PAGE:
casta nec antiquis cedens Laevina Sabinis
et quamvis tetrico tristior ipsa viro
dum modo Lucrino, modo se permittit Averno,
et dum Baianis saepe fovetur aquis,
incidit in flammas; iuvenemque secuta relicto
coniuge Penelope venit abit Helene.
“Laevina is chaste, is more decent than
the Sabine matrons of old,
is more uptight than her upright husband.
Still, while dipping into the Lucrine lagoon,
and now into the Avernian lake,
and now often indulging herself in the waters at Baiae,
she takes a fall into flames of fire:
she’s off after a young guy and abandons her yokemate —
a Penelope she arrived, she left a Helen.”
By all measures, the greatest Roman epigrammatist, Martial (c. 40 – c. 104 CE), poured forth a Tiber of topical poems intended to toy with the glitterati of his day and taunt them with their peccadillos and transgressions, not exactly like a People magazine or The National Inquirer, but not exactly unlike either one either. Baiae, located on the Bay of Naples near the other watering holes mentioned in the poem, was a kind of combo of Club Med and Cap d’Antibes where the better sets went to be naughty with each other and escape the malarial humidity of the Roman summer.
This particular poetic effort about one Laevina is of general cultural interest as revealing a paradigmatic assumption about the narrow rôles available to non-slave women in antiquity. Either they were a Penelope or a Helen, that is, a domesticated spouse or a public slut. There really wasn’t much room for variation in the gaping interstices between these two extremes. From the real world, the liberated examples of Pericles’ Aspasia or Socrates’ Diotima (whether or not she was fictitious is here irrelevant – as a type she was obviously believable) in the Athens of the fifth century BCE, or the sophisticated Sempronia in the Rome of the first century BCE mentioned by Sallust (de coniuratione Catalinae 25), are anomalous precisely for their rarity; and from the world of myth, female characters like a Clytemnestra or a Medea who finally say to men, in effect, “enough is enough” and take matters decisively and terrifyingly into their own hands, become shuddering models of malfunctioning womanhood. As a woman, it was hard to win.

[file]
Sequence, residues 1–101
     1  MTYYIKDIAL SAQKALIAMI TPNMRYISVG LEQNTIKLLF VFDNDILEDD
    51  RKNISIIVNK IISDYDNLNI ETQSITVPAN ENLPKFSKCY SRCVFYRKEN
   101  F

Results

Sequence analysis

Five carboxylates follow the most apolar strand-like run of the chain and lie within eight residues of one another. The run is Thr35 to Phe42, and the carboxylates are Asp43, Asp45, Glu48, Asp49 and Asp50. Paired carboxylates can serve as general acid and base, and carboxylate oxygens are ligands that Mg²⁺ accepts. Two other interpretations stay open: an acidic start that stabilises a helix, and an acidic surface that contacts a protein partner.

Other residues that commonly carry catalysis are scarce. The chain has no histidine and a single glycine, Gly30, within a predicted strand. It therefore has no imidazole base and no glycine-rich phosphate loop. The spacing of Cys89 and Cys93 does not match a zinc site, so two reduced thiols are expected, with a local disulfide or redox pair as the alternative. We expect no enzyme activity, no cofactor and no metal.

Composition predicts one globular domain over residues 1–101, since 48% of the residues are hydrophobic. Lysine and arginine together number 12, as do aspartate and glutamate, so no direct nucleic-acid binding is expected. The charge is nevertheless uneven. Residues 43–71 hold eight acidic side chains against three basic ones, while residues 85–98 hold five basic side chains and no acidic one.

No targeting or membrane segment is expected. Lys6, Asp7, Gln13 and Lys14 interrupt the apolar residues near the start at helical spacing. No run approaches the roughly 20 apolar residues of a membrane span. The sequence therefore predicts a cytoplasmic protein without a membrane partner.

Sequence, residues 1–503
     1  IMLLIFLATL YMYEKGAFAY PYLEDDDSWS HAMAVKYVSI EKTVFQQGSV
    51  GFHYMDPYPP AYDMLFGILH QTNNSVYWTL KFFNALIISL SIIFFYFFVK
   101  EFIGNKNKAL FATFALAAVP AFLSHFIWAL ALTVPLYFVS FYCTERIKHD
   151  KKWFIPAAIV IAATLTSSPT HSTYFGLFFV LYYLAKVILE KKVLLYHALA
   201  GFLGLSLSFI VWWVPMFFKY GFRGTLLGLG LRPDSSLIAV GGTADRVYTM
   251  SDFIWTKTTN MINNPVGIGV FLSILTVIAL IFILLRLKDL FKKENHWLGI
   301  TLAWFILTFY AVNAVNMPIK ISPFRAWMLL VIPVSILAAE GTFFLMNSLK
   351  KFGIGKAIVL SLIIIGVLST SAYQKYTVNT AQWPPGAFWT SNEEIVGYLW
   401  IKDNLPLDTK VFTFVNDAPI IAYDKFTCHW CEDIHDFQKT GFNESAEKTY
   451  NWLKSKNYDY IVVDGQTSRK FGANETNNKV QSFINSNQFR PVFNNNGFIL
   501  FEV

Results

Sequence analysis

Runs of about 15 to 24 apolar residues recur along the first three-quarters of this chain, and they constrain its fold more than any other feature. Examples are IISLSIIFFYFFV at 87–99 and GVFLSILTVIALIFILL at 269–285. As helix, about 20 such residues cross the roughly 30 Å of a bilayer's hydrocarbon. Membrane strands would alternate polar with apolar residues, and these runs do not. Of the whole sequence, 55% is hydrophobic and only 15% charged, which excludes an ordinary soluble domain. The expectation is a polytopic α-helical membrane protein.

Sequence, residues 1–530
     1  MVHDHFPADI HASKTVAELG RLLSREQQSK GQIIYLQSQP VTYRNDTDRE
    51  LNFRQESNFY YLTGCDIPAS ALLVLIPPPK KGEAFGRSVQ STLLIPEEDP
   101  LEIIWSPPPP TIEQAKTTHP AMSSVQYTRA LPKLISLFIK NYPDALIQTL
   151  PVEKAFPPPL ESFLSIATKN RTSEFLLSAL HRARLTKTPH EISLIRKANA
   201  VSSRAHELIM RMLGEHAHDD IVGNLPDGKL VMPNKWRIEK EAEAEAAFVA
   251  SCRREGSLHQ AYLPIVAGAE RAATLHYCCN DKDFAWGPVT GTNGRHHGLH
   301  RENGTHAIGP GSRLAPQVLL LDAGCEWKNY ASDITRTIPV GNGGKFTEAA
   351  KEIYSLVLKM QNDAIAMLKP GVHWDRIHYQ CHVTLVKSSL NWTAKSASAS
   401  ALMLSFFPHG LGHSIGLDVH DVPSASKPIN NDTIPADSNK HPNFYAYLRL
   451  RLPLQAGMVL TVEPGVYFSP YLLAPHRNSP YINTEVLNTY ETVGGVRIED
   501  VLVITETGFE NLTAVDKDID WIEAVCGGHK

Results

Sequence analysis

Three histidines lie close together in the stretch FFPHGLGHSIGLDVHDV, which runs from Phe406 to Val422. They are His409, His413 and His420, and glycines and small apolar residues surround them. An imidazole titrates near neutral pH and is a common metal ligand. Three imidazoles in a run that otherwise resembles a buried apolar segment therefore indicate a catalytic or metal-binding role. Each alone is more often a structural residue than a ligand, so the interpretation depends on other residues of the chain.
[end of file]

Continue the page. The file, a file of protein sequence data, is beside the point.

Both Penelope and Helen are of course prominent in Homeric poetry, and thus haunt the beginnings of Western literature as exemplars of the right kind of woman and the wrong kind of woman. Penelope, the dutiful wife, stays at home for 20 years raising a kid and chastely fighting off ardent lechers while Odysseus spends 10 years fighting at Troy and the another 10 fighting his way back to Penelope through cloyingly beautiful women. Helen, in turn, ran off with (or was abducted by) Paris when he came calling from Troy; in any event, she left her husband Menelaus and was thus the immediate casus belli. It was really all her fault.
Martial’s Laevina, then, plugs right into a constricted tradition about women that was even then (the poem was published probably around 85 CE) over a thousand years old. This procrustean view of women would not have seemed unreasonable to a Roman male of Martial’s day. indeed, Laevina’s dour husband probably thought Martial quite lenient. Had the poet elected to dramatize an expanded version of Laevina’s fateful fall into the flames of lust, as he did with others, she might have been turned into a fussy hooker like Thais (4.84, 6.93) or, worse, a horny butch groupie like the swaggering Philaenis (7.67, 7.70). These two women were, admittedly, Greek, as their names demonstrate, and Roman prejudice toward Greeks being what it was, one did not need to be too scandalized at their deliciously shocking penchants. The former liked to do unmentionable things to guys, and the latter, whose name in Greek suggests ‘monstrous lover’, liked to do chicks (puellas) unspeakably. Being compared to a relatively unkinked and illustrious Greek tramp like Helen would have seemed mild in comparison.
There is a point here in addition to commentary on the pernicious obduracy of culturally embedded stereotypes of women, and that is a pernicious stereotype of antiquity itself.
For antiquity was not just about the heady ontological constructs of philosophical idealists like the Greek Plato or the lofty political moralizing of Roman nationalists like Cicero, but as much about the tacky and the frivolous, about furtive sex straight and furtive sex not so straight. The ancient Greek and Latin languages each have a lexicon rich not only in the refined vocabulary of philosophy and law and poetry, but also in the metaphorically inventive terminology of scatology, of sexual parts and of positional practices.
Being human, in this too they were not unlike us.